145. Mhila Brathukuderuvu Sangham, Andhra Pradesh, India

  146. Minchu Ideas, Bangalore, India

  147. MISEREOR, the German Catholic Bishops' Organisation for Development Cooperation, Germany

  148. Monitoring Sustainability of Globalisation (MSN) - Malaysia

  149. National Hawker Federation, Kolkata, India

  150. National Health Federation of Canada

  151. National Justice and Peace Network, UK

  152. Navdanya-Research Foundation for Science, Technology and Ecology, India

  153. NOIDA Market Association, Uttar Pradesh, India

  154. Northeast Peoples Alliance, India

  155. North Bihar Chamber of Commerce and Industry, Muzzaffarpur, India

  156. Norwegian Trade Campaign, Norway

  157. Observatori DESC - Spain

  158. ÖBV-Via Campesina Austria

  159. One World Action, UK

  160. Oxfam Belgium

  161. Oxfam UK

  162. Pandurang Hegde, Appiko Movement, India

  163. Paschimi Uttar Pradesh Udyog Vyapar Mandal, Dehradoon, India

  164. Pawanputra Rehri-Patri Khomcha Sangh, Delhi, India

  165. Peoples First, Delhi, India

  166. Philipine Misereor Partnership, Inc, Philippines

  167. Philipinenbuero e.V. Im Asienhaus, Germany

  168. Plataforma de Solidaridad con Chiapas de Madrid, Spain

  169. Plataforma rural / Alianzas por un mundo rural vivo, Spain

  170. Poorvanchal Vyapar Mandal, Kolkata, India

  171. Poorvi Delhi Vyapar Bachao Morcha, Delhi, India

  172. PowerShift, Berlin, Germany

  173. Public Interest Research Centre, New Delhi, India

  174. Punjab Pradesh Vyapar Mandal, Amritsar, India

  175. PWESCR (Programme on Women's Economic, Social and Cultural Rights), New Delhi, India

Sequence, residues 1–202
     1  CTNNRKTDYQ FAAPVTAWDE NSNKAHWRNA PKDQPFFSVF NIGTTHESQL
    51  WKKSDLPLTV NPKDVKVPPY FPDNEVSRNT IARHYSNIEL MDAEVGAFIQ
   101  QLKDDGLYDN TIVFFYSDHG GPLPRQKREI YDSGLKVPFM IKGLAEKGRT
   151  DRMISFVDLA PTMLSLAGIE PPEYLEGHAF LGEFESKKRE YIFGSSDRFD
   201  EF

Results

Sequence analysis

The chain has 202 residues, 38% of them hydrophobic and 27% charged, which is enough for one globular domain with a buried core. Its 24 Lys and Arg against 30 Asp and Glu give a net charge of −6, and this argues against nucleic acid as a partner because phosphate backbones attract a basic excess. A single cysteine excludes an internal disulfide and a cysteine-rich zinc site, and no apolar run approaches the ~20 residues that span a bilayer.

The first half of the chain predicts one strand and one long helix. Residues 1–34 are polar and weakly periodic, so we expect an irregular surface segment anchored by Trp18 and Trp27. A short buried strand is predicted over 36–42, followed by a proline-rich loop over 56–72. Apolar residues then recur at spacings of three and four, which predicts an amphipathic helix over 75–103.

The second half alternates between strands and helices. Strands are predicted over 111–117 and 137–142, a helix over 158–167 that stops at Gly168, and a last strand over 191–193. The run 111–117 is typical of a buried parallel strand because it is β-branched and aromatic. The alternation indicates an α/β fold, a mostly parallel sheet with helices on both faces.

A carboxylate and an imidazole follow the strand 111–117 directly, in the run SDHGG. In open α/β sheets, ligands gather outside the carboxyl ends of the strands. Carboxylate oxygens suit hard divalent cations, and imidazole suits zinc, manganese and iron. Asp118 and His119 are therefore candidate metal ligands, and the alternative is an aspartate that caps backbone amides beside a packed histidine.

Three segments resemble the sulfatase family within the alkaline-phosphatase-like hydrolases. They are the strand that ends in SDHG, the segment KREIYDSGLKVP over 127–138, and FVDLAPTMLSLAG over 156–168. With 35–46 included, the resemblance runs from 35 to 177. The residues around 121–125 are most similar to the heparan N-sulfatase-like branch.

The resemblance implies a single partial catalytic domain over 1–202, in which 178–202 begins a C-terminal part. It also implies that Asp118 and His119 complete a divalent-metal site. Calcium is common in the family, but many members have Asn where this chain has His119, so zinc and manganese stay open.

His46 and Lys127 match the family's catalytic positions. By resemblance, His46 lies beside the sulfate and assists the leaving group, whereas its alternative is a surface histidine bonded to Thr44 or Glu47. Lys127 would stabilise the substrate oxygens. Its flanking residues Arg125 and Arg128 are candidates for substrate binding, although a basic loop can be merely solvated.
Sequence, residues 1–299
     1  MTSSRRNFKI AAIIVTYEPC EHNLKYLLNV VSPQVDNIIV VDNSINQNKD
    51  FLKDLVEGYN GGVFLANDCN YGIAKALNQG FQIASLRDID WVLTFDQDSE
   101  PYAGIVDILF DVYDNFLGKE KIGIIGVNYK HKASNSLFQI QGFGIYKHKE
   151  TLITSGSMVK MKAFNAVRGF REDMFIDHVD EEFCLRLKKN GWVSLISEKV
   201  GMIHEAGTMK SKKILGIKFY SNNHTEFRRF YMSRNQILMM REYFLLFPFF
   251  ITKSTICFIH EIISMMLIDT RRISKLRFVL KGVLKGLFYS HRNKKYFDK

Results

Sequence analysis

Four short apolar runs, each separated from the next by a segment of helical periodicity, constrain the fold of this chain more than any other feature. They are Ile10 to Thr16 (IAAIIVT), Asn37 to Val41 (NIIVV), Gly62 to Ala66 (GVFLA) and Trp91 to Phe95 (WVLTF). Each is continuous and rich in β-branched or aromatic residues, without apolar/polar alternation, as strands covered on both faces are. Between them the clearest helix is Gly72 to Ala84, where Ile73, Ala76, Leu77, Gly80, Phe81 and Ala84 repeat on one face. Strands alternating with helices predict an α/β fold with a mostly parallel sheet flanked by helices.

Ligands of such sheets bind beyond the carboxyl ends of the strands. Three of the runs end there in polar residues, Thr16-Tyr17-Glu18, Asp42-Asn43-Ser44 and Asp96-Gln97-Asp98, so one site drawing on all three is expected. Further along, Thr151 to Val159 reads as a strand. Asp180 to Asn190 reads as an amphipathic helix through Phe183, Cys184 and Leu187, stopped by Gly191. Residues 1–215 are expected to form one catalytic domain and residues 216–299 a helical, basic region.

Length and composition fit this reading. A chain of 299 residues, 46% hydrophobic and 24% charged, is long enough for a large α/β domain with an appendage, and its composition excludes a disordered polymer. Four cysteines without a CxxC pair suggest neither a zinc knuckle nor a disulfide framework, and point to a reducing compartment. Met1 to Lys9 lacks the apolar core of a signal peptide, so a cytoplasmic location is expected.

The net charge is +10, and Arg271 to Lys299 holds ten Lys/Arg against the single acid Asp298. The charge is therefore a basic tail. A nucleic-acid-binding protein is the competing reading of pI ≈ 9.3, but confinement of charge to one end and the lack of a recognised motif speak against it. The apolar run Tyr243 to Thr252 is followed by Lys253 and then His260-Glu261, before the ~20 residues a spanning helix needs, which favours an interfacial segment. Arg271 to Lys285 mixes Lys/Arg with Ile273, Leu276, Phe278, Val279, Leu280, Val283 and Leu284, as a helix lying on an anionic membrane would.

176. Ranchi Footpath Dookandaar Sangh, Ranchi, India

  177. Raniganj Chamber of Commerce, Raniganj, WB, India

  178. Rashtriya Vyapar Mandal, Lucknow, India

  179. Redi Patri Mahasangh, Gaya, India

  180. Sahar, Delhi, India

  181. Shanti Ranjan Behera, Lively Democracy, Kolkata, India

  182. Shardhanand Oil Traders Association, Delhi, India

  183. Siddhant, West Singhbhum, India

  184. Social Pharmacy Research Unit, Chulalongkorn University, Thailand

  185. Soroptimist International of Great Britain and Ireland

  186. STOP IMPUNIDAD, Spain

  187. Swathi Mahila Samsthe, Nanjangudu, India

  188. Tamilnadu Vanigar Sangankalin Peravai, Chennai, India

  189. Terra Nuova, Italy

  190. Timarpur Shopkeepers Association, Delhi, India

  191. Thai Holistic Health Foundation, Thailand

  192. Thai Network of People Living with HIV/AIDS, Thailand

  193. Thai NGO Coalition on AIDS, Thailand

  194. Terre des Hommes Deutschland e.V, Germany

  195. The Andhra Pradesh Federation of Chamber of Commerce and Trade, Secunderabad, India

  196. The Rural Pharmacist Foundation, Thailand

  197. The Rural Doctor Foundation, Thailand

  198. The Swallows, Denmark

  199. The West Godavri Federation of Chambers of Commerce and Industry, Eluru, AP, India

  200. Third World Network

  201. Tiye International, the Netherlands

  202. Tractors & Agricultural Parts Merchants Welfare Association, New Delhi, India

  203. Traders Federation of Kolkata Municipal Market, Kolkata, India

  204. Trade Justice Movement, UK

  205. Traidcraft Exchange UK

  206. Transnational Institute, Amsterdam, The Netherlands

  207. UNI, Bangalore, India

  208. Udaan Trust, Mumbai, India

  209. Udyog Vyapar Mandal, Gaziabad, India

  210. Unión Universal Desarrollo Solidario, Spain

  211. Uttar Pradesh Udyog Vyapar Pratinidhi Mandal, Lucknow, India

  212. Vegetables & Fruits Wholesale Merchants Association, Bangalore, India

  213. Vidarbha Hawkers Welfare Association, Nagpur, India

  214. VIP Market Association, Kolkata, India

  215. War on Want, London , UK

  216. WEED, Berlin, Germany

  217. Weltladen-Dachverband, Germany

  218. West Dinajpur Chamber of Commerce, Dinajpur, WB, India

  219. Working Group on Trade - Forum Environment & Development, Germany

  220. World Development Movement, London, UK

  221. WIDE Austria, Vienna Austria

  222. WIDE network, Brussels, Belgium

  223. World Development Movement, UK

  224. Xarxa de Consum Solidari, Barcelona, Spain

  225. X minus Y Solidarity Fund, the Netherlands

  226. Yakshi, Andhra Pradesh, India

  227. 11.11.11- Coalition of the Flemish North-South Movement, Belgium


Individual endorsements:

  1. Achim Vanaih, TNI India

  2. Ajitha George OMON Mahila Sangathan

  3. Anna Cavazzini, Germany

  4. Anna Ockkina, IGSO, Russia

  5. Anna Ridehalgh, Southampton, UK

  6. Annie Raja, NFIW, India

  7. Aruna Rodrigues, Sunray Harvesters, India

  8. Ashim Roy, General Secretary, New Trade Union Initiative, India